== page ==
I was bitten by an insect five years ago – now doctors say I might die
A WOMAN who was bitten by an insect five years ago is now in constant fear she will die.
Fern Wormald, 48, has never felt well since being bitten on her toe while on safari in Senegal in 2017.
She believes it triggered a condition she now suffers with called lymphoedema, which causes excessive swelling, usually in the legs or arms.
It puts her at higher risk of infections, and a month ago, she was hospitalised with deadly sepsis.
Terrified of getting sepsis again, Fern, from Heckmondwike, West Yorkshire, is looking for ways to treat her countless health problems.
She told Yorkshire Live: “I'm trapped in a vicious cycle, and I'm living with the threat of sepsis all the time.
"The doctor's actual words to me were: 'We'll see you again, we'll treat you, we'll send you home. We'll see you again, we'll treat you, we'll send you home'."
Fern was on a trip to Africa, where she and her daughter were teaching Maths and English to schoolchildren in The Gambia, when she was bitten.
She says doctors have been unable to agree on what bit her, with suggestions including a snake, spider, or a mosquito.
After being prescribed antibiotics, Fern returned home when “enormous blisters appeared" – and she spent seven weeks in hospital.
Fern said she cannot remember everything that happened because she suffered delirium.
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But she remembered doctors discussing that she may have to undergo amputation.
Thankfully, this was not the case, though Fern has faced many difficulties since.
She gets recurring episodes of cellulitis, which is a skin infection that causes the skin to become painful, red, hot and swollen.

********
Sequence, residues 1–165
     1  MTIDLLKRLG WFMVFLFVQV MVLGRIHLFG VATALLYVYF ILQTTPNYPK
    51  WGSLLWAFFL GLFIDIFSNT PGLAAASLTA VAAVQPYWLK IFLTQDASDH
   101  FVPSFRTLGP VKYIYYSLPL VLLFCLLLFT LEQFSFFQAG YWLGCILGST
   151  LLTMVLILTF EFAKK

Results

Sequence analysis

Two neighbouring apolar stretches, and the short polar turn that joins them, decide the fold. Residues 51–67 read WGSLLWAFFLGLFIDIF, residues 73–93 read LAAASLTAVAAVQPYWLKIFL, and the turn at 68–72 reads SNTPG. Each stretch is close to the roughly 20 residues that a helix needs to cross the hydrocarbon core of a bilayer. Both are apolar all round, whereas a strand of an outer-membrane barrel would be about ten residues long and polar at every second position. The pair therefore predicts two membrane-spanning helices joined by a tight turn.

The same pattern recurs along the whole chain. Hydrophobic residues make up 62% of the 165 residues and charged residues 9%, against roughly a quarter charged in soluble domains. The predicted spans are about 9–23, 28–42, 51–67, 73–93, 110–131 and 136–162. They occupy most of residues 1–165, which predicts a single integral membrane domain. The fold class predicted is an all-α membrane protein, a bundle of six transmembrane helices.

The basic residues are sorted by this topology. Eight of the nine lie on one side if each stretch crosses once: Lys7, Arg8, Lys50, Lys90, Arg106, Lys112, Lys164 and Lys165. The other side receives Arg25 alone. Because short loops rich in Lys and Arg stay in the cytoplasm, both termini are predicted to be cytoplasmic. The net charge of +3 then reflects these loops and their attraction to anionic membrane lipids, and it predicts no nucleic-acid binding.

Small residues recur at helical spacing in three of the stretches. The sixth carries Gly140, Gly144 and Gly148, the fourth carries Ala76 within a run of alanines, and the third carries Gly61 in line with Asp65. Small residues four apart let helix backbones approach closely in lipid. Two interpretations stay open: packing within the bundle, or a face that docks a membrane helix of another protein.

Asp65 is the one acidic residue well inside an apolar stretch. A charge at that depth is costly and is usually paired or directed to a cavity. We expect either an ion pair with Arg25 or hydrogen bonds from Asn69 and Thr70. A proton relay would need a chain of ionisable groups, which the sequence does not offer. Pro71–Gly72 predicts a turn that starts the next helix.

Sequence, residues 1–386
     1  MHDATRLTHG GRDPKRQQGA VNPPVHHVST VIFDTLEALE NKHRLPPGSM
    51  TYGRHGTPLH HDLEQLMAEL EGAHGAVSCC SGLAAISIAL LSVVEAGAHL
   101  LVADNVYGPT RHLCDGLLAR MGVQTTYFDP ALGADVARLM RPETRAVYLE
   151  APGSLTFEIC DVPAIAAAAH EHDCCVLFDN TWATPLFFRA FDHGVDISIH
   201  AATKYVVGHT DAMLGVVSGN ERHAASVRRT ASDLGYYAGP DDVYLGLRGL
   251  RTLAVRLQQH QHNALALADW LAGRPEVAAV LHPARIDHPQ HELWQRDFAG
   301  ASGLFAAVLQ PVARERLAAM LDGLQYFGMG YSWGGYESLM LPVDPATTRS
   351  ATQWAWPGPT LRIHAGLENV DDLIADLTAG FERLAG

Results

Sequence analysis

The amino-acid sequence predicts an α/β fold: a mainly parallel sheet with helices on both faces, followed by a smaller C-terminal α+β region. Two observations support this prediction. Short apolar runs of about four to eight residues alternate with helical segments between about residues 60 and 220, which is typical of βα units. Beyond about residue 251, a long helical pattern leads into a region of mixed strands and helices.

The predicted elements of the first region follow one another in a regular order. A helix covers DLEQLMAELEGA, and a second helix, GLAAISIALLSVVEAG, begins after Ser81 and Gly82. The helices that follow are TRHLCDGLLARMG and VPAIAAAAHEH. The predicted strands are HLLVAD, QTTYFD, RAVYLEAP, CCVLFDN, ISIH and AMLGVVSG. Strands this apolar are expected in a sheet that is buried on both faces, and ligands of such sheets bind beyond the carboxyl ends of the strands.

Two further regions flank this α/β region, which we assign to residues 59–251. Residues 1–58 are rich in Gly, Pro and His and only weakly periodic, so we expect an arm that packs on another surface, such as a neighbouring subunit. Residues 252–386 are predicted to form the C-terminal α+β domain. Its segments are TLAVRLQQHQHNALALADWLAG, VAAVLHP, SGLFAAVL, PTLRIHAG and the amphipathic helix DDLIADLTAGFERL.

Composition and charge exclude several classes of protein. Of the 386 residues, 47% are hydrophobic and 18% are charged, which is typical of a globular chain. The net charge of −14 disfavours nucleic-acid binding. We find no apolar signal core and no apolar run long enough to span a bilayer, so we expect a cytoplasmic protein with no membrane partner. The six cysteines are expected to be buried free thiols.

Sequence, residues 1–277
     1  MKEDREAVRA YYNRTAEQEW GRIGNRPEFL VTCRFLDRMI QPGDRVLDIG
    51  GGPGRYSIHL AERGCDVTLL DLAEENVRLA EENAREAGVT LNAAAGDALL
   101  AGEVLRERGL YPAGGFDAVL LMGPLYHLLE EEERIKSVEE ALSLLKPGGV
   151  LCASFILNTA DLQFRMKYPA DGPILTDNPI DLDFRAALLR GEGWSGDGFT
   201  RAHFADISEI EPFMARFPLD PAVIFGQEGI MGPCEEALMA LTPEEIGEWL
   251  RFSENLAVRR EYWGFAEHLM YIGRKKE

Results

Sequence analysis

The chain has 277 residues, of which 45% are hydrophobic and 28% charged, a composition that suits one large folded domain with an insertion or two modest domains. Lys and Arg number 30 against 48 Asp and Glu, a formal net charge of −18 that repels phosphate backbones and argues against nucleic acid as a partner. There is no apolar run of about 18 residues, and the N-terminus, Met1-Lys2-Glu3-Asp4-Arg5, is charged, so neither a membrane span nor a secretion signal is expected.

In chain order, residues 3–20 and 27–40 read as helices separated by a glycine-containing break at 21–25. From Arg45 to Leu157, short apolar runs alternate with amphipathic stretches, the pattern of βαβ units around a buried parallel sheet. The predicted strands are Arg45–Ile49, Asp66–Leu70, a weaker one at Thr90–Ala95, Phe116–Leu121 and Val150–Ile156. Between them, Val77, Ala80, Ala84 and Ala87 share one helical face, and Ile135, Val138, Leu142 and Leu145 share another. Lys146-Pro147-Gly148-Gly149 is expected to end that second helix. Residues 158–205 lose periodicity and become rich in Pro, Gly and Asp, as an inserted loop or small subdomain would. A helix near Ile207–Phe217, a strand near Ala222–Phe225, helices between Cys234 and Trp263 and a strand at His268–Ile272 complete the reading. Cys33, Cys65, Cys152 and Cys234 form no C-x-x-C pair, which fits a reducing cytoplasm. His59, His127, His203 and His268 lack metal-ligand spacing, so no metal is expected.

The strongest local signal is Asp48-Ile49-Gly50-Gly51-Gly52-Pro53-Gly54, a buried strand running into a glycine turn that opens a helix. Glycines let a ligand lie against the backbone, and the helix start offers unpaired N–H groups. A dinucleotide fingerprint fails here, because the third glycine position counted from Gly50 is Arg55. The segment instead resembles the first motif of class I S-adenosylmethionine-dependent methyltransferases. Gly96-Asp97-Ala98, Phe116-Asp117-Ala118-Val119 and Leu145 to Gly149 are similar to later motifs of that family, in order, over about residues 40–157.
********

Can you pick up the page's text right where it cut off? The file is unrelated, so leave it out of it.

Lymphoedema is a chronic condition, whereby the lymphatic system is unable to drain excess fluid in the body. It leads to accumulation of fat in limbs.
There are many reasons why it can develop, including inflammation, obesity or injury.
Filariasis – a tropical disease transmitted to humans via a mosquito – is a leading cause of lymphoedema worldwide, including in Africa.
Fern said: "I get very aggressive cellulitis, and because my legs are so swollen they split and sometimes they ulcerate.
“I've got eleven ulcers at the minute.”
The ulcers feel like "someone has poured acid into an open wound", Fern said.
The NHS explains that body parts affected by lymphoedema are more vulnerable to infection of the build-up of fluid within the tissues.
Any cuts in the skin can allow bacteria to enter the body and may quickly develop into an infection.
It was likely Fern’s sepsis developed this way, as the potentially fatal condition occurs when the body overreacts to an infection.
Fern was rushed to hospital with “very serious” sepsis four weeks ago after being found unconscious.
Fern – who says she has “no social life” due to her poor health – is now desperate to get liposuction privately to reduce the size of her legs.
The NHS may sometimes offer liposuction for lymphedema, which affects around 200,000 people in the UK.
But it’s primary treatment is decongestive lymphatic therapy (DLT) – a combination of compression badges, skin care, exercise and massage.
Fern says she’s tried this but to no avail, and with the NHS unable to offer her anything more, she is looking to go private.
"It would change my life, and with this threat of sepsis all the time it could potentially save my life," Fern said.
A GoFundMe campaign to raise money for Fern's treatment has been started by her friend Laura Hopkinson.
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